Daily Digest 2/19 - How Pharma-Funded Research Picks Positive Results, The Prison Problem
We can begin with some recent work: in 2010, three researchers from Harvard and Toronto found all the trials looking at five major classes of drug—antidepressants, ulcer drugs and so on—then measured two key features: were they positive, and were they funded by industry? They found over five hundred trials in total: 85 per cent of the industry-funded studies were positive, but only 50 per cent of the government funded trials were. That’s a very significant difference.
Facebook is relying on a single tax break in our glorious corporate tax-dodge code to obtain its negative tax rate: the deductibility of executive and employee stock options. It cut Facebook's federal and state income taxes by $1.03 billion last year - but that was just part of it.
How To Solve Our Unemployment, Economic, and Mortgage Problems (GE Christenson)
We know that Congress has sent stimulus checks to taxpayers in the past. It could be done again. We know that Congress has made some effort to help those struggling with mortgage payments, and Congress has created a huge food stamp (SNAP) and welfare program. Those programs could be expanded.
Hammering Truth Live (Arthur Robey)
Hammering Truth discusses Obama, Banksters, Homeland Security, Bigfoot and more
The Prison Problem (jdargis)
After ordering them coffees, Western, a sociology professor and faculty chair of the Harvard Kennedy School (HKS) Program in Criminal Justice Policy and Management, turns on his tape recorder. “Today is the sixth of November,” he says, setting the recorder down on the table. “My ex-wife’s birthday,” Jerry (not his real name) notes wryly. Western reads out the four-digit number that identifies Jerry for the purposes of the study. “I should play that number in the lottery tonight,” Jerry says.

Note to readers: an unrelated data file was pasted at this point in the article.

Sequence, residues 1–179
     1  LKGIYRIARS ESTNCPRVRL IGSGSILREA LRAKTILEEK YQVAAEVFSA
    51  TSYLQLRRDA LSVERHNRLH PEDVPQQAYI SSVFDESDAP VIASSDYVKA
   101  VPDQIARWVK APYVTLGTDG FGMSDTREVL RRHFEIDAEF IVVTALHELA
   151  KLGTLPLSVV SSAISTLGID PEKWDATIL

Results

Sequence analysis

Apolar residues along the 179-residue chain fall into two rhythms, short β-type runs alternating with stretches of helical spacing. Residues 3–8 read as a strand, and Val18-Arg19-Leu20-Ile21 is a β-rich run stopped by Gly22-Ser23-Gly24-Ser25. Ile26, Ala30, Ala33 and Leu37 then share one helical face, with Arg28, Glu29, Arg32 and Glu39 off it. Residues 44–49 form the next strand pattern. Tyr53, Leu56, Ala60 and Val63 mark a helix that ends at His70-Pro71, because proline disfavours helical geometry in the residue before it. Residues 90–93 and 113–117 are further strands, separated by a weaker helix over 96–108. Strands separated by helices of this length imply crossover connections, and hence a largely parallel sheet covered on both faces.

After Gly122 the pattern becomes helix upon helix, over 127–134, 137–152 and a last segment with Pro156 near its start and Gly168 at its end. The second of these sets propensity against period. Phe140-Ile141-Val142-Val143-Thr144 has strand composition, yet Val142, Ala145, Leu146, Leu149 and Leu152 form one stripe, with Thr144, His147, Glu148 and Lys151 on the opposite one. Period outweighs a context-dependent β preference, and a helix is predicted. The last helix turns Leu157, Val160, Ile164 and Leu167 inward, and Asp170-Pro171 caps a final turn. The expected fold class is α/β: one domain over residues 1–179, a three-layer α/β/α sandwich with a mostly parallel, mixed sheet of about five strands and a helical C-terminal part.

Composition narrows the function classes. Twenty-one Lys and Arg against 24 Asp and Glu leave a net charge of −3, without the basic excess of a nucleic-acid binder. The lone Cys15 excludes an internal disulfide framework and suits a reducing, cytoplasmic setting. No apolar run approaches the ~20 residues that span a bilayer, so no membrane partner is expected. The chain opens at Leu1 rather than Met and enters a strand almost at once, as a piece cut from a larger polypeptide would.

Crude Oil Pipelines Planned for the Future (James S.)
In sum, over the past three years, 815,000 bbl/d of new pipeline capacity delivering crude oil to Cushing was added. Over the same period, only 400,000 bbl/d of new pipeline take-away capacity was added. During the next two years an additional 1,190,000 bbl/d of pipeline capacity for delivering crude oil from Canada and the midcontinent to Cushing is planned, but this is balanced by 1,150,000 bbl/d of planned pipeline capacity additions to deliver crude oil from Cushing to the Gulf Coast. In addition, about 830,000 bbl/d of new pipeline capacity is planned to move crude oil directly from the Permian Basin to the Gulf Coast, avoiding the congested Midwest. If this capacity is constructed and fully utilized, waterborne imports to the U.S. Gulf Coast, particularly of light sweet crude oil, could drop significantly.
Energy watchdog Ofgem chief warns of bill rises (westcoastjan)
The BBC's John Moylan says that, while we have heard such warnings before, the difference with this one is that the process is already underway. Plants are already closing, and although planning permission for new ones is out there, nothing is actually being built.
While the shortfall in supply can be filled by increasing gas imports, competing for those supplies on the global market is likely to cost more.
Local herring on menus is fairly new. The fish were popular during the Gold Rush, and consumption peaked during World War I when they were canned. New immigrants fished them for subsistence until the 1950s, but after that the fish went largely ignored.
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